16. Wilkie

    Wilkie New Member

    Location:
    Richmond, VA, USA
    Steve,

    If the stamper can make about 500 pressings before it wears down, and the lacquer only makes one master....How many mothers can be made from one master?...and how many stampers can be made from one mother before it wears down? I'm trying to calculate the total number of pressings from a single lacquer.
     
  17. Steve Hoffman

    Steve Hoffman Your host Your Host Thread Starter

    Varies greatly on the type of music, type of vinyl, groove, etc. No rule.

    Remember, a stamper pressing a normal thickness record can take many more hits.
     
  18. jerryf

    jerryf New Member

    I did view this film after you pointed it out, and I enjoyed it as well. I am amazed at the level of musicianship and engineering required for a "live cut" just like the orchestra shown on the video. These days, even most "live" albums are not that live!

    Jerry F.
     
  19. Steve Hoffman

    Steve Hoffman Your host Your Host Thread Starter

    Well, Jerry, men were men in those days (and so were women).


    Uh, let me rephrase that.... :winkgrin:
     
  20. Chris C

    Chris C Music was my first love and it will be my last!

    Location:
    Ohio
    VERY COOL STEVE...THANKS!!!

    Chris C
     
  21. Steve Hoffman

    Steve Hoffman Your host Your Host Thread Starter

    Sometimes the groove was "fixed" so no adjusting. I think in the 1950's "variable spacing" was introduced (first by Columbia, natch) to try and get more playing time on vinyl. But, if you look at your 78's from the 20's-40's the groove stays the same, loud or soft.. The sound gets louder but the groove "wraps" the same.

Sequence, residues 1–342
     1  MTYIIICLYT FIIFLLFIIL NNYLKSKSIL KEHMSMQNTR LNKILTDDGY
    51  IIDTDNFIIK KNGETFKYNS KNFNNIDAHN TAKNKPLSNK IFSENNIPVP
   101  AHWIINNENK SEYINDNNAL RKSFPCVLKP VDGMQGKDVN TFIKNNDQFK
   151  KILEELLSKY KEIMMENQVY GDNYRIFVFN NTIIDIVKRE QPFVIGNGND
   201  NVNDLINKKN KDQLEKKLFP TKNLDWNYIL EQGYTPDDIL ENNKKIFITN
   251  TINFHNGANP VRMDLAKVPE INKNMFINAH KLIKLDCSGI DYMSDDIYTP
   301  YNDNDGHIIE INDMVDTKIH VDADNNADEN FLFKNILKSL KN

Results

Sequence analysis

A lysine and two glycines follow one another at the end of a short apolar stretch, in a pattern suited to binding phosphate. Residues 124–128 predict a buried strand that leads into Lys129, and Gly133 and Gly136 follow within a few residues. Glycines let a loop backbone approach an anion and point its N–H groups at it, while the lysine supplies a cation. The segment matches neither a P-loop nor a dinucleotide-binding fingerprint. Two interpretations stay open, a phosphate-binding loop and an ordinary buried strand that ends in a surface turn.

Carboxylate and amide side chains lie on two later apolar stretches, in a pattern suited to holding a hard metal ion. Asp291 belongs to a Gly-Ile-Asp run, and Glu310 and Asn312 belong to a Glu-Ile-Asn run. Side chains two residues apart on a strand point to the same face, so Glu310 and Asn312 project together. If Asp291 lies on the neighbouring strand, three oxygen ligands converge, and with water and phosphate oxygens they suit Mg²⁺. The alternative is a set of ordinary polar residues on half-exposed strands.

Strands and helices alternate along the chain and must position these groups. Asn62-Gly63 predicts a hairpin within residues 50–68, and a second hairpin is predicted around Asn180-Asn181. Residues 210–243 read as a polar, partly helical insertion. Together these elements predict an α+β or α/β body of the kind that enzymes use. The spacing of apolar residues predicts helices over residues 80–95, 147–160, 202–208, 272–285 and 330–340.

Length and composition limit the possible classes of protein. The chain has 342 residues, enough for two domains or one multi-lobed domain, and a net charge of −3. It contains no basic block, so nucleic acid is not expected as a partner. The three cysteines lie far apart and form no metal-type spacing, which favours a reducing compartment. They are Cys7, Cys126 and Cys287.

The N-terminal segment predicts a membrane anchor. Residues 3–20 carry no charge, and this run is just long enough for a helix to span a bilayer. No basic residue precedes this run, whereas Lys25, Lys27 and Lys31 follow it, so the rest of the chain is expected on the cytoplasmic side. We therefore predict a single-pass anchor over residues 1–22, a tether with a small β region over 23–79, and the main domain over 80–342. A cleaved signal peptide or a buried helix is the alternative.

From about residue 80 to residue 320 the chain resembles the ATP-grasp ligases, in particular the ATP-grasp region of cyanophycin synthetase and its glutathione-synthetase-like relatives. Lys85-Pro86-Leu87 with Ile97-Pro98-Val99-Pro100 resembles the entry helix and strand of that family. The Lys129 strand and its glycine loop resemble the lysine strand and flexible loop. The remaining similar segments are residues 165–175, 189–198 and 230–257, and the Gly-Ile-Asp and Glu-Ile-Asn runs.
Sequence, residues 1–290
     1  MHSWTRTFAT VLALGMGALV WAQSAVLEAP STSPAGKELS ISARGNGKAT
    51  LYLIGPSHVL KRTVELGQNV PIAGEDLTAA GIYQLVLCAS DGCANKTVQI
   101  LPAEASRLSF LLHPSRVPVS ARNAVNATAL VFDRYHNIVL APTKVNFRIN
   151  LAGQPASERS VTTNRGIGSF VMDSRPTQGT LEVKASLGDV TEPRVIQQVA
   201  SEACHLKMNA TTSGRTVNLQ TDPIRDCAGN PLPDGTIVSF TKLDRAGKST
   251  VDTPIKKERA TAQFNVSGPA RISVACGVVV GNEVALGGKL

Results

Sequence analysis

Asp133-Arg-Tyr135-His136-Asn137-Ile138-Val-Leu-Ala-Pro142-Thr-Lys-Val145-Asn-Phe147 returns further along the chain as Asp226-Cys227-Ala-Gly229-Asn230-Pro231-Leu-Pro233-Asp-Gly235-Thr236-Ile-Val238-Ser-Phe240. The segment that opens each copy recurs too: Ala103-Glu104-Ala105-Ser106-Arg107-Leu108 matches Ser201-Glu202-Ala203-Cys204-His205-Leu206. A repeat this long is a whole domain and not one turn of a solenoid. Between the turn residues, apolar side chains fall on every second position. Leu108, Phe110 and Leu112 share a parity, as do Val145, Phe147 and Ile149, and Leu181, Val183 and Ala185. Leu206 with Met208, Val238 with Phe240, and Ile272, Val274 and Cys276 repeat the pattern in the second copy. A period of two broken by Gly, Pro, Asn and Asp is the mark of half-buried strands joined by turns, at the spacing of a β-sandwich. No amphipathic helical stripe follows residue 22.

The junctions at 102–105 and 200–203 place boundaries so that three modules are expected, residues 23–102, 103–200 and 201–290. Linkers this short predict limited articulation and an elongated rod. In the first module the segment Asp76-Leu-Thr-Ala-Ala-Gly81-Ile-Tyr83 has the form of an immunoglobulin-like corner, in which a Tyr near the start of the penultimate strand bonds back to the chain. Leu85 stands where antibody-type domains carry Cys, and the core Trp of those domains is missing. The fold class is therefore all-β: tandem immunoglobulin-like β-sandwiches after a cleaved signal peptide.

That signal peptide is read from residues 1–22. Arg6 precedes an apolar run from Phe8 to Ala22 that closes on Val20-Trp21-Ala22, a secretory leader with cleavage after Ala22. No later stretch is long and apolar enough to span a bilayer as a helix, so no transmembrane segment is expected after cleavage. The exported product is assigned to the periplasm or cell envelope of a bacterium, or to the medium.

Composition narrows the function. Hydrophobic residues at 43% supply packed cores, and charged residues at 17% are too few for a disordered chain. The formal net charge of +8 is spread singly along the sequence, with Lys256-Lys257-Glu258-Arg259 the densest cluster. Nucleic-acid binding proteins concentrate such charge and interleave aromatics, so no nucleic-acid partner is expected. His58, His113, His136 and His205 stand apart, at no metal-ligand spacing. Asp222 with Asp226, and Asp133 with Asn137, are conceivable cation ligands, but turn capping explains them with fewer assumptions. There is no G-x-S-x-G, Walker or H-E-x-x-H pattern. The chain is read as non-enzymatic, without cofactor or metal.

22. Michael

    Michael I LOVE WIDE S-T-E-R-E-O!

    I'm not heavily into vinyl any longer, but I greatly enjoyed this! WONDERFUL!...even my wife dug it.:agree:
     
  23. Perisphere

    Perisphere Forum Resident

    The tape shown in the pic is the master tape to Fantasy 8393--GREEN RIVER by Creedence Clearwater Revival. Master tapes like this one are stored tails-out, so the right hand reel is the one the tape was delivered to SH & Co on. Look at it closely: '8393 A/B' on one spoke, 'Fantasy' on another. Looks to me like the entire album--the sequences for both LP sides 1 and 2--are contained on the one reel of tape (just like on 8387, BAYOU COUNTRY). Not uncommon practice where and when albums run under 35 or 36 minutes length. And seeing the warning sticker on that reel which stated that it was backcoated tape--record on shiny side--coupled with the 1969 vintage of the album leads me to believe that the tape stock is none other than Scotch 206. (Another classic!)
     
  24. rbichamp

    rbichamp Forum Resident

    Location:
    New York
    thanks Steve, this was great to watch!
     
  25. Steve Hoffman

    Steve Hoffman Your host Your Host Thread Starter

    Not backcoated in reality..